After we applied noise reduction, the amount of detail preserved was quite shocking.
So, under low-light conditions, it’s better to shoot at 100 ISO rather than 3200+ ISO. Remember that this is true only for photography as we need the RAW format to retain the details.
When it comes to video quality, after 1 year of recording and editing videos, I have to say that the results are fairly satisfying. Check the Maono DM30 review video above since it was shot using the EOS 800D.
The highest resolution you can shoot is 1080p60 which is very convenient for slow-motion B-Roll footage.
The truth is that 1080p slowly becomes outdated, not so much for viewers but mainly for videographers. You’d rather shoot at 4K and then export the final footage in 1080p.
The result is typically much better in terms of sharpness and detail. So keep that in mind if you’re interested in this camera since it can’t shoot 4K at all.
The format of this camera’s video is the traditional mp4. There are no Canon C LOG profiles to choose from, although, there is an alternative for that.
To get an image similar to that, you have to create a custom profile where you’ll lower the contrast and saturation.
That’s especially useful when shooting in bright daylight in order to retain as much information as you can from your highlights. However, it’s not as effective as an actual LOG profile.
It’s important to mention that the Rebel T7i doesn’t come with built-in stabilization which means that you’ll need a lens with a stabilizer.
With that in mind, if you have a small rig with a gimbal, you may get away with not having such a lens. That’s a workaround but it’s gonna cost more.
Regarding the quality of the stabilizer, you have 2 options. The standard mode is pretty decent but mostly for handheld motion.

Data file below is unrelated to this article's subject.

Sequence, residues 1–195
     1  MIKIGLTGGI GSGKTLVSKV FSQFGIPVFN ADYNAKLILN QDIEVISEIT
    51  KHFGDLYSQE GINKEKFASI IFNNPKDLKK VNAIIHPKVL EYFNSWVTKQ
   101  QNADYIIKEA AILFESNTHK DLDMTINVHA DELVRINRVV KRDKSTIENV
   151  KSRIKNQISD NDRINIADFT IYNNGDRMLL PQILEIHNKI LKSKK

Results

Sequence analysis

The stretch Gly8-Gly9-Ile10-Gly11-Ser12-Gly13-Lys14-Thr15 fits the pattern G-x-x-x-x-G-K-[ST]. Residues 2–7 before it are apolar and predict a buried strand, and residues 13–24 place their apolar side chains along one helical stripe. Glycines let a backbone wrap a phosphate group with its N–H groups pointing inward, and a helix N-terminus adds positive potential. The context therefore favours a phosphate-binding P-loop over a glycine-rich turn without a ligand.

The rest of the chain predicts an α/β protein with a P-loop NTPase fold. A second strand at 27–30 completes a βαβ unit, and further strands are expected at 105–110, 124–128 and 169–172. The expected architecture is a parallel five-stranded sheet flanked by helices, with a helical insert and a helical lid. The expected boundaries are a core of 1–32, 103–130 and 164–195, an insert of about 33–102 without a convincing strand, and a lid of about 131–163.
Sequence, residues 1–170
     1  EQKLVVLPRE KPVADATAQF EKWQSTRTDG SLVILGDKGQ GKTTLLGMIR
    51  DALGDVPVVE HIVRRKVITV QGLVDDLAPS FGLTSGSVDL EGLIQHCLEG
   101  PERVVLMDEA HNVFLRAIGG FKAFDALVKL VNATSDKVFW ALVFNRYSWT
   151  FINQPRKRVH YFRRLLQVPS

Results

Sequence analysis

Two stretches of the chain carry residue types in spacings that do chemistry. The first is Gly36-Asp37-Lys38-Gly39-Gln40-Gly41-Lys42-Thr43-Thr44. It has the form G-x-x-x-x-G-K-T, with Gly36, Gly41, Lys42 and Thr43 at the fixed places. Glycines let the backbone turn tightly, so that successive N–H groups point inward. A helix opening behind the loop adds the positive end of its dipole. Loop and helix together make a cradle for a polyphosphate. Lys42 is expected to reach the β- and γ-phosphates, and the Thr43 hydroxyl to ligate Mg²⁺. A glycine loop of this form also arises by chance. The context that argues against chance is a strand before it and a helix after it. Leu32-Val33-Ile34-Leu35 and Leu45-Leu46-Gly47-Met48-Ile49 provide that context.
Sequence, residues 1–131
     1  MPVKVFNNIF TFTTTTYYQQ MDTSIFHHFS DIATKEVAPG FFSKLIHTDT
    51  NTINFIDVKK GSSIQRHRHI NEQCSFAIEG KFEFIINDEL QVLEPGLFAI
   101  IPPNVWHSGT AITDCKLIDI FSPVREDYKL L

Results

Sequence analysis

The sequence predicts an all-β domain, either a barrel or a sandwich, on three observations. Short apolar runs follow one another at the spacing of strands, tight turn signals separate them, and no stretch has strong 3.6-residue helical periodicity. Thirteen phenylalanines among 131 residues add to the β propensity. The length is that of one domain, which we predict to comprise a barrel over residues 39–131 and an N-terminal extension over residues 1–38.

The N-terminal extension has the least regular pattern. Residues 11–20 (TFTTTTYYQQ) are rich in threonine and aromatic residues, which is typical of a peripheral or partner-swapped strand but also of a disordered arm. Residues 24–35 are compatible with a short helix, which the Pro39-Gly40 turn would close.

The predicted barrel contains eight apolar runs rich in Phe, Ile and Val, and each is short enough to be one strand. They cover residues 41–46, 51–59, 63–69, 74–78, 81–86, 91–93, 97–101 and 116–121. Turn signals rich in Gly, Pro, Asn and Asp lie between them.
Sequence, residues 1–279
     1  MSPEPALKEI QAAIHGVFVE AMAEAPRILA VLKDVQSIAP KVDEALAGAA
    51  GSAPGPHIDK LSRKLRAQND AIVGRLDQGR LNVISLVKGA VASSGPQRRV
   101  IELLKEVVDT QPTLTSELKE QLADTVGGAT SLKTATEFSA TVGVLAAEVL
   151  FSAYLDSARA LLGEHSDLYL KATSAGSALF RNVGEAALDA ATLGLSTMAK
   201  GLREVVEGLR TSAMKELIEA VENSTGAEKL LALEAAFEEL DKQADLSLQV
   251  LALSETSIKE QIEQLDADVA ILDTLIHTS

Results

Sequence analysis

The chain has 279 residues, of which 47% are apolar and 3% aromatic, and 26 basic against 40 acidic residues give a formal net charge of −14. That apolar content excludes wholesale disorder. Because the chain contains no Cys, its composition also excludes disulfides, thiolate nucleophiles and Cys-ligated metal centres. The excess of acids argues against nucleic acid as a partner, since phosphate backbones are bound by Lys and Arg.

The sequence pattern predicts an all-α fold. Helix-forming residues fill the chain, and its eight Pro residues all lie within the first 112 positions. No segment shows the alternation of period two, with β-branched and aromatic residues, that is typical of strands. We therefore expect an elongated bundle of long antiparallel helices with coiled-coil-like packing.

The enhanced one, on the other hand, is made for extreme motion but it crops the image too much so you’re going to lose some quality there for sure.
The 3 AF options that you have in the video are AF Tracking with Face Detection, Smooth Zone, and 1 point. I prefer using the Smooth Zone and the AF tracking since you lose focus less often that way.
The AI tracking is phenomenal, mainly because of Canon’s Dual Pixel technology. If you leave the frame and return, the camera focuses on your face really fast. You can also track objects by tapping on them on the touch screen.
The battery life of the Canon EOS 800D is definitely improved compared to the previous models. You can expect the 1040mAh battery to last for 820 pictures without flash if you use the viewfinder.
With LiveView, this number gets lower to about 600 pictures. These are still a lot of images for an entry-level camera.
Keep in mind that these numbers vary based on many factors such as the image resolution, the format, and the LCD screen brightness.
As for the video battery life, when fully charged, it typically lasts for about 1.5 hours depending on the resolution and framerates you are shooting at.
Additionally, this camera doesn’t support USB charging so you’ll need a dummy battery in order to use it for longer periods of time.
Who should buy this camera?
You want an entry-level DSLR camera with high image quality that can do pretty much anything a beginner and intermediate photographer/videographer may need.
It lacks 4K recording and C-LOG but the 60fps video and 3.5mm mic input of this camera is something that most cameras lack in that price range.
Don’t buy if…
You are a professional who wants to utilize LOG profiles and 4K resolutions in videography.